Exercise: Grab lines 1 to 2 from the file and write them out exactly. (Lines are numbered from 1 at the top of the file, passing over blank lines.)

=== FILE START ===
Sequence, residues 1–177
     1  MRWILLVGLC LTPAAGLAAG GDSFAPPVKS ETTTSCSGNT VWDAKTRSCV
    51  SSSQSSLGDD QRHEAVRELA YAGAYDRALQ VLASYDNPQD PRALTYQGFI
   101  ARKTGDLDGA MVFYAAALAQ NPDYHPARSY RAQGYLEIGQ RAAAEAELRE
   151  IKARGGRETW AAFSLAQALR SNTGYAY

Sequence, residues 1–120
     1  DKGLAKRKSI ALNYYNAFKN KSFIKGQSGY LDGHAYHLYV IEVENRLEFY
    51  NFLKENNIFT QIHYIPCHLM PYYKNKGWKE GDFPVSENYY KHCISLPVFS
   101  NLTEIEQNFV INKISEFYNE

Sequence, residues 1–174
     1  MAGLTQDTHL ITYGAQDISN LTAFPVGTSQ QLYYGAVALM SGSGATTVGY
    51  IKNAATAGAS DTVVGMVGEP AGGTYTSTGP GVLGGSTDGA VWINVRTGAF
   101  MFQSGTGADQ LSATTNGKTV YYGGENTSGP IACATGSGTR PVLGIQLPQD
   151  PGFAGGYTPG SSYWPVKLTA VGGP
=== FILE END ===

Sequence, residues 1–177
     1  MRWILLVGLC LTPAAGLAAG GDSFAPPVKS ETTTSCSGNT VWDAKTRSCV